CURRENT NEWS in the Big Four publishing world is that Jonathan Franzen has a new 592-page novel coming out, Crossroads. To me, Franzen represents the voice and ideals of today's upper-caste establishment, in the same way James Gould Cozzens and John P. Marquand represented that voice in their time. With Franzen we get inferior Cozzens-- By Love Possessed-- and not a Guard of Honor.
The factor which caused Cozzens to write a significant novel-- despite his blinkered views on life and the world-- and not just another novel of manners, was his involvement in the Second World War, which placed him at the center of a massive and quickly-growing bureaucracy, the U.S. Army Air Force. He was able to put his strong observational talents to work observing and learning the workings of a gigantic organizational machine, along with the strengths and weaknesses of the too-human individuals who ran and populated that machine. Out of it came one of the most important of all American novels-- important because it caught America at a moment of vast change: transformation from isolated backwater to global empire. Any person in decades and centuries to come wishing to understand that nascent giant can do no better than to read Guard of Honor.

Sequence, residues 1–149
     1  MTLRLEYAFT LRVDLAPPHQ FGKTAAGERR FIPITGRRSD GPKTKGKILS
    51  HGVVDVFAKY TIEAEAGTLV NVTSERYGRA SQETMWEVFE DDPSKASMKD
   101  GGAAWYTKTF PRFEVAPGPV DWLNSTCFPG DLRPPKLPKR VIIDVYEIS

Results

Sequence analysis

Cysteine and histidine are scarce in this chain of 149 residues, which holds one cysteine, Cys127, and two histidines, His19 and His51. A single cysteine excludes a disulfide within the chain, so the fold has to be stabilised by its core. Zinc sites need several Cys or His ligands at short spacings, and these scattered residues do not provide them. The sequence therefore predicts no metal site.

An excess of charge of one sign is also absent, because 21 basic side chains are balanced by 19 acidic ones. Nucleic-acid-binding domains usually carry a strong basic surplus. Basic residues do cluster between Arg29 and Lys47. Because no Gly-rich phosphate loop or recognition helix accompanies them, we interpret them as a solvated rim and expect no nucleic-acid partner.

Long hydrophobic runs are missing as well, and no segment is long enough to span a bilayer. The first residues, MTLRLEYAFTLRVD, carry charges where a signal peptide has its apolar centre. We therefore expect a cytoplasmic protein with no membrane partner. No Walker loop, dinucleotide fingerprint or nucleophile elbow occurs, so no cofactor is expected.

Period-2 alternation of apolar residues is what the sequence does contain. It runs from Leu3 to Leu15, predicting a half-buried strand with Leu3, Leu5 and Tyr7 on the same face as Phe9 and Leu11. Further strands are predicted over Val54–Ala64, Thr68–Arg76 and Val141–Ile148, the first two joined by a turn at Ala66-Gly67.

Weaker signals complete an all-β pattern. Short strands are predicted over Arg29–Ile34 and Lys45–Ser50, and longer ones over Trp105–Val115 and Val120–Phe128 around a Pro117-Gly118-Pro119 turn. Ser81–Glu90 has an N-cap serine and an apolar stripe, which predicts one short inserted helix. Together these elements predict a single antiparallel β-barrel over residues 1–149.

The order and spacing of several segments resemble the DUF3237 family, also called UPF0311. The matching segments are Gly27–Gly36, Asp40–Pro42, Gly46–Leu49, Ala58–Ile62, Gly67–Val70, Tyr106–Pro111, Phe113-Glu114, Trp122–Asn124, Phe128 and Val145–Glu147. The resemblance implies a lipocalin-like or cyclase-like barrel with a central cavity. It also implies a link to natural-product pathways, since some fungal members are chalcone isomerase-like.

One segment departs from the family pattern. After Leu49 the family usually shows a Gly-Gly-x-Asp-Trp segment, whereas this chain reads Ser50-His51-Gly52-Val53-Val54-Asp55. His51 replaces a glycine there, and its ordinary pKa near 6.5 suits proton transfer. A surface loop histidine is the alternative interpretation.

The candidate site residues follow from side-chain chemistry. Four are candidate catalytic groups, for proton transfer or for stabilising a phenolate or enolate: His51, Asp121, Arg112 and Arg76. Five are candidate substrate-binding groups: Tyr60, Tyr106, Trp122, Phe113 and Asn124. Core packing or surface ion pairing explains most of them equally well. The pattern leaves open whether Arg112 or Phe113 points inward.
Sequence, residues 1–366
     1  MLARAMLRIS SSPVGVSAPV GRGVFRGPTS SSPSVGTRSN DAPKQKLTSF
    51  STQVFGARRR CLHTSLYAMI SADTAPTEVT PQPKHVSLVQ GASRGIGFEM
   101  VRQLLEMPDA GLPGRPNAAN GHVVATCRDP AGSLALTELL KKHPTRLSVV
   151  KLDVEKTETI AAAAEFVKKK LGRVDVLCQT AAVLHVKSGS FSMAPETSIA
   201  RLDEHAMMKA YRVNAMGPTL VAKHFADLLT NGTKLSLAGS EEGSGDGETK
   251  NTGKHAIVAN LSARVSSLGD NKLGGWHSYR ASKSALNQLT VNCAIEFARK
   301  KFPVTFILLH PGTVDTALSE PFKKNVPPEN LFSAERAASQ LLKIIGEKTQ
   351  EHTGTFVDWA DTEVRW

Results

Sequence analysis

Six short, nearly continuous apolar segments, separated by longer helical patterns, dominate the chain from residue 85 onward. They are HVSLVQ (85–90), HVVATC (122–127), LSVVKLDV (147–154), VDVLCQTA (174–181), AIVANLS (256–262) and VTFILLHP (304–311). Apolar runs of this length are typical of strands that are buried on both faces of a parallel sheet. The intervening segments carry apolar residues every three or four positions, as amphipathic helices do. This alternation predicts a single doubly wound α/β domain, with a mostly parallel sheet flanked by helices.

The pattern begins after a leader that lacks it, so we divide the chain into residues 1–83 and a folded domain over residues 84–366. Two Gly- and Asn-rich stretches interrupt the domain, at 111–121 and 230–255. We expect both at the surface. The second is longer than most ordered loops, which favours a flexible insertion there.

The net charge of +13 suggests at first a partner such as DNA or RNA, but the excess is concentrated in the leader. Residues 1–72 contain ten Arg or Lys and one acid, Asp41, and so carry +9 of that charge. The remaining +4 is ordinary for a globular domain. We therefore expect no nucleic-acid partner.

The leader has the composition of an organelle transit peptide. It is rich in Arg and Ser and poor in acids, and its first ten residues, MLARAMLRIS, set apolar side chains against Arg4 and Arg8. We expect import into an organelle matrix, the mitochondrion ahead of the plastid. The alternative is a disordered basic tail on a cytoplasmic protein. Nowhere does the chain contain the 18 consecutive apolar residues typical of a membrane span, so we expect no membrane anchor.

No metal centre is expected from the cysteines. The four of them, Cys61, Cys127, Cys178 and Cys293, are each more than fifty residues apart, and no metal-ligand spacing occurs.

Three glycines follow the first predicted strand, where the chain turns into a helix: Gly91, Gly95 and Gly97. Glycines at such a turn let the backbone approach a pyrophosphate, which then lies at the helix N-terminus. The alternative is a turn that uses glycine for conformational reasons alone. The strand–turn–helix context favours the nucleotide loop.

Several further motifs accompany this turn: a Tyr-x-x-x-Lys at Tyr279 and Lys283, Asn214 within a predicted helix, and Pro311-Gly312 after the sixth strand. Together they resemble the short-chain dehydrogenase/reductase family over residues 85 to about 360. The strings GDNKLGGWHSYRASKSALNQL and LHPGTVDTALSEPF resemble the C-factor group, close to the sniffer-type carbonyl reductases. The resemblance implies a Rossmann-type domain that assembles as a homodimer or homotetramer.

It's Jonathan Franzen's misfortune that he's been involved in no epochal, life-changing event, and hasn't challenged himself-- has failed to push himself into the world much beyond his limited upper-east side Manhattan horizons, and so has nothing to write about except the same recycled family scenes, stuffy and uninteresting (to this commentator anyway), which appeared in The Corrections, and apparently are in the new book as well.